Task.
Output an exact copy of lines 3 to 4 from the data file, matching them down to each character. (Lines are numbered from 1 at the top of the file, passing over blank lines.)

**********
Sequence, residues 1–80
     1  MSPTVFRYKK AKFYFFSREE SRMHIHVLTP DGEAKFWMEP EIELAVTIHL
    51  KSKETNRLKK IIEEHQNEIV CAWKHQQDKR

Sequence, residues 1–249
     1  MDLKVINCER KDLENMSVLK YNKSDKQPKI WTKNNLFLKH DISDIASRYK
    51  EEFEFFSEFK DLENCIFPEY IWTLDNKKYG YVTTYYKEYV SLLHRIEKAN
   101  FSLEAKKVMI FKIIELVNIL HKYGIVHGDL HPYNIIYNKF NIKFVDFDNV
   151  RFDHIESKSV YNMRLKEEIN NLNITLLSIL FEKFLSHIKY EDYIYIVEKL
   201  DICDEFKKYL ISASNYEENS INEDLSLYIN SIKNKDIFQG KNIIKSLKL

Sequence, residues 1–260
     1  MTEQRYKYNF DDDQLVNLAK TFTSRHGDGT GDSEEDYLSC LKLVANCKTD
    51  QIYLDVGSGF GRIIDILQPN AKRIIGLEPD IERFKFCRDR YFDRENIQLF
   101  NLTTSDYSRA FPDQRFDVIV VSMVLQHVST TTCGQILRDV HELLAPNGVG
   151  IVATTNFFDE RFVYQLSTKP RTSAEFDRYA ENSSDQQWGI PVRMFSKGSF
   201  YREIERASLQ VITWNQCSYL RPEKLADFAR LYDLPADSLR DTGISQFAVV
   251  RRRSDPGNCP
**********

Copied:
    51  KSKETNRLKK IIEEHQNEIV CAWKHQQDKR

Sequence, residues 1–249